Jamaica Born Ex-Atlanta Schools Chief Indicted in cheating Scandal

Dr. Beverly L. Hall

Jamaican-American Ex-Atlanta Schools chief Dr. Beverly L. Hall  has been indicted by a Fulton County, Georgia, grand jury. Dr. Hall who gained fame for her purported improvement of Atlanta schools was charged with  racketeering, theft, influencing witnesses, conspiracy and making false statements and other crimes related to the doctoring of students' test answers.  The racketeering, false statements and theft charges stem from the bonuses she received that prosecutors tied to falsified test scores. 

Dr. Hall, who resigned in 2011 under suspicion of overseeing system wide doctoring of student answers could face up to 45 years in prison. She had served as superintendent of the Atlanta Public Schools since 1999.

Born in Jamaica where she graduated from Saint Andrew High School for Girls, she moved to the New York City area where she received a bachelors degree from Brooklyn College, a master's degree from the City University of New York, and an Ed.D. degree from Fordham University in 1990.

Dr. Hall arrived in Atlanta in 1999 after rapidly advancing through the ranks of the New York City schools, from teacher to principal to deputy superintendent, and after serving as superintendent of the Newark, New Jersey school system from 1995 to 1999.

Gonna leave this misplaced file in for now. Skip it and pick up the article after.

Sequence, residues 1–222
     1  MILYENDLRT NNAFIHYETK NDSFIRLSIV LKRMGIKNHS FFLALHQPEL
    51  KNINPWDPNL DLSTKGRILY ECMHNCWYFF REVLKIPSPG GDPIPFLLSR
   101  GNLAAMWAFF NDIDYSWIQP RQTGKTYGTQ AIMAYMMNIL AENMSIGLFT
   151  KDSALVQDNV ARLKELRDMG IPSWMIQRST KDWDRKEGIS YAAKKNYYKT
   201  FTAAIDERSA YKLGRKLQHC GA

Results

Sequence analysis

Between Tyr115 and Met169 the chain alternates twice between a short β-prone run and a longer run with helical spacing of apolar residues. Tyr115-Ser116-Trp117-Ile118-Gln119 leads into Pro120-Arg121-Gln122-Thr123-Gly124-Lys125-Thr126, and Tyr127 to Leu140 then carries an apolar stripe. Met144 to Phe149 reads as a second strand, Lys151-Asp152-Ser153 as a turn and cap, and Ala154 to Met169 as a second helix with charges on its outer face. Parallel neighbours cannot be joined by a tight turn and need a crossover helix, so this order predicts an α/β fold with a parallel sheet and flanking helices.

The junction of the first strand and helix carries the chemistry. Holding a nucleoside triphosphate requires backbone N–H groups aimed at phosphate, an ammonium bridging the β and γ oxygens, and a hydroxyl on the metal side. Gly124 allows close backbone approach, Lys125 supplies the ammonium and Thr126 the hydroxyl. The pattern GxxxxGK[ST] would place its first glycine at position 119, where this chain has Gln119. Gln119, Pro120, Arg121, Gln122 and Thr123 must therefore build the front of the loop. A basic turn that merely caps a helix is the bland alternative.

During her tenure in Atlanta she earned a reputation as someone who understood the needs of poor children, got results, and had a strong relationship with the business elite. She was lauded for her achievements in 2009 by The American Association of School Administrators which named Dr. Hall National Superintendent of the the Year for the significant gains made in student achievement during her 10 years tenure in Atlanta.


In addition to Dr. Hall, 34 others were indicted: four high-level administrators, six principals; two assistant principals; six testing coordinators; 14 teachers; a school improvement specialist and a school secretary as a result of a criminal investigation that lasted 21 months and allegations that date back to 2005.


All of the people named in the indictment face conspiracy charges. Other charges in the 65-count indictment include false statements and writings, false swearing, theft and influencing witnesses.

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